Right winger Colby Armstrong, fresh off a buyout from the Toronto Maple Leafs, to a 1 year, $1m contract. This is a pretty low impact risk and really is a decent deal in a vacuum. You're taking a player who has had some success with the coach in the past (although as Sidney Crosby's winger) and is coming off a rough couple years in terms of both on ice play and injury history. The ability has been there before in the player, and he could play above his salary and become a viable top 9 forward for you this season. He shoots right handed and is a possible 2nd unit PP guy as well as skating an effective ES shift. It's not bad. The team has Travis Moen, Ryan White, and Louis Leblanc as well as Bourque as possible bottom six players. It's a good mix of players, and Armstrong falls somewhere in between those guys as a guy with speed, size, and aggressiveness. All these players can play, and their skill sets are complimentary. Leblanc and White could both play centre if need be. Three are right handed shooters, two are left.
Left Winger Brandon Prust to a 4 year, $10m contract. This is where it all goes wrong. Prust averaged 11:56 of ice time last year, down from 13:49 the year before. He was third in shorthanded ice time on the Rangers, who were the fifth best team on the PK last year, so there's value there. Of course, it wasn't an area of need at all: the Habs were good at preventing goals, especially on the penalty kill where they ranked second in the NHL last year. All of the bottom six forwards mentioned in the paragraph above took shifts on the PK with success last year, including the maligned Bourque and especially Moen. Prust did lead the Rangers in a couple of categories, both related to each other: penalty minutes and fighting majors. In fact, Prust tied for the league lead with 20 major penalties last year with Shawn Thornton. He's a goon that can play, but he still doesn't play all that much. Fighting doesn't contribute to hockey play at all... play literally stops when it happens. He kills penalties, which was the area of the team that least needed reinforcement. He doesn't even play centre. The team spent $1.875m for the next 4 years on Travis Moen just earlier this weekend, who essentially does the same thing.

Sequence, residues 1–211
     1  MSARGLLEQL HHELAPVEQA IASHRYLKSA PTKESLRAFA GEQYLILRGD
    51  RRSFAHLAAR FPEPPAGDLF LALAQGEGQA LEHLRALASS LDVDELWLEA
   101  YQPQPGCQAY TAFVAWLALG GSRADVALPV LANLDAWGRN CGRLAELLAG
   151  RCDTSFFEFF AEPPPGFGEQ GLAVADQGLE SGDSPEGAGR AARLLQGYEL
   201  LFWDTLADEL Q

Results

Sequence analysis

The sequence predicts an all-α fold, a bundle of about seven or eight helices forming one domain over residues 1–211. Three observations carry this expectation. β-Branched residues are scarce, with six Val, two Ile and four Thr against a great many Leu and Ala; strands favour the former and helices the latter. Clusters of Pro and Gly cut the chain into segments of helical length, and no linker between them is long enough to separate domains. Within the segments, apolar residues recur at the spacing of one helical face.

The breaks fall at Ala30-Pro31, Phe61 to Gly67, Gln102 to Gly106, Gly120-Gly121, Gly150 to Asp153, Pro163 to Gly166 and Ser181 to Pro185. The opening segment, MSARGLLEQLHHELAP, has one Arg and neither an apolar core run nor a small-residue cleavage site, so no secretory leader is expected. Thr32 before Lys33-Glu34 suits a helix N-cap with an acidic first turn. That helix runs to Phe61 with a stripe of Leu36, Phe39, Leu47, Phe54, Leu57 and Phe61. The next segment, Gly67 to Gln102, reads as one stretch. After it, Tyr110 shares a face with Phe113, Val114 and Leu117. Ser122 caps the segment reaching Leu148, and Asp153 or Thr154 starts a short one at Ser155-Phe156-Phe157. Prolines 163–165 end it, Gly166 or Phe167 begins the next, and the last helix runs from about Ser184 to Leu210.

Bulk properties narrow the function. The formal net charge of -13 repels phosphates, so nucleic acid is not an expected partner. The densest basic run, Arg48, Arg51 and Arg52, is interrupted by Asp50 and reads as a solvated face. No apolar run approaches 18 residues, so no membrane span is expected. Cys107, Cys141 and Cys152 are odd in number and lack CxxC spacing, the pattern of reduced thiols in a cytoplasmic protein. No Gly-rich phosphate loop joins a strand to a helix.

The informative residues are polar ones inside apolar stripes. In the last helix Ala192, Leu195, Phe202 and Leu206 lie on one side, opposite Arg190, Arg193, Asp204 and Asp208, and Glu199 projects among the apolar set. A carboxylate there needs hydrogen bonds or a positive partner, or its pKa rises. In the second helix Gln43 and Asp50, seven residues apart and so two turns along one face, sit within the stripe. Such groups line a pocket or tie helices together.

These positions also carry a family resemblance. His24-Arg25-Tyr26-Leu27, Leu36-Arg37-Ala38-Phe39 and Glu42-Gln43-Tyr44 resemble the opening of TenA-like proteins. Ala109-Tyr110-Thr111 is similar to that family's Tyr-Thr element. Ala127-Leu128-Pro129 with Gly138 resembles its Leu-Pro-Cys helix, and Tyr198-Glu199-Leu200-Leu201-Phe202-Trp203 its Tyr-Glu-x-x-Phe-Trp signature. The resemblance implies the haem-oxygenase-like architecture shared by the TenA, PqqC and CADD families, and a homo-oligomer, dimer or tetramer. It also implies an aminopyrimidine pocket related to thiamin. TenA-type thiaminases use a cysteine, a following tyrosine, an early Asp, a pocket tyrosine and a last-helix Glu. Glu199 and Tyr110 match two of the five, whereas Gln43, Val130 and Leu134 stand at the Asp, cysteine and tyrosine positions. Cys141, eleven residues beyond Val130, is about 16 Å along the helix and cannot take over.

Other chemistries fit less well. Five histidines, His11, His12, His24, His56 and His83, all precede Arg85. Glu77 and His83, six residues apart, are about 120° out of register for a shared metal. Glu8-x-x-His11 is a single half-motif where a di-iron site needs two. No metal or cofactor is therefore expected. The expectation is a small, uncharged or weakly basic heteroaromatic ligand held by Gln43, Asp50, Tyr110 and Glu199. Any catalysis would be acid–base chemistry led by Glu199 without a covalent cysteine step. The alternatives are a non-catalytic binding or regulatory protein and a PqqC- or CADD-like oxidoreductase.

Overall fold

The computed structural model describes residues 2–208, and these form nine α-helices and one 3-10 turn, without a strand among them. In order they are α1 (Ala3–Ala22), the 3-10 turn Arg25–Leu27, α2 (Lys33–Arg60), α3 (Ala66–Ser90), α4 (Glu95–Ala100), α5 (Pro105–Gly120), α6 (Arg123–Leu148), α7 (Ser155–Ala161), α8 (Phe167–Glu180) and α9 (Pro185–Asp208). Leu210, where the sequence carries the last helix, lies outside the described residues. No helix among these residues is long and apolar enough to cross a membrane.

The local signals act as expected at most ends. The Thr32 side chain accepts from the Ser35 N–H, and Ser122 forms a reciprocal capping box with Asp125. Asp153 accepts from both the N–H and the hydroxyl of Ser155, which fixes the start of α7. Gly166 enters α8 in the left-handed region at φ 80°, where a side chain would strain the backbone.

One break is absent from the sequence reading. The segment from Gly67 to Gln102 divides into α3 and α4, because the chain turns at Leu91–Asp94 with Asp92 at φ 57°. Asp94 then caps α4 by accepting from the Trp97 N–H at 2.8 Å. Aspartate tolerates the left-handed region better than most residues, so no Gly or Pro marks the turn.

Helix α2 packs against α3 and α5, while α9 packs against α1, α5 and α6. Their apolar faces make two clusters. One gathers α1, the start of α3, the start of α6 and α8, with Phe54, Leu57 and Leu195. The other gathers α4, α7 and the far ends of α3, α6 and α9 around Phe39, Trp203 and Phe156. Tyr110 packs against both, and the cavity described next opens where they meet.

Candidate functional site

This is a bad allocation of limited resources. Prust plays a high energy game and takes a regular shift but has a low value impact on the game. He's making more money than Moen and White combined. The team signed Colby Armstrong, who has the potential to be a more valuable player on the team, for less money. They valued the entertainment element of hockey instead of the winning games part. Prust is a style signing. He's a luxury item. His fighting in itself puts him at an increased risk of injury. And he was given good money.
There's a chance the Habs will land a higher impact player in free agency. But with all the investment in the bottom part of the roster, this Habs team already looks nothing like the Blackhawks' distribution of resources that Bergevin was familiar with. It looks nothing like Los Angeles or New Jersey for that matter, either. If you can't spend the money on the high end, it's best not to cripple yourself moving forward by investing long term on the lower end of your roster. In signing Brandon Prust to a four year deal at $2.5m per season, Bergevin has hamstrung his ability to optimize the value in his roster moving forward.
While adding Bouillon may have changed up the mix of the lower end of the defence, the lower end of the forward group now looks awfully similar. And either Leblanc or White are playing centre full time, or the brutal Petteri Nokelainen is. No needs were really addressed. But a decent amount of a limited pool of money was spent doing it.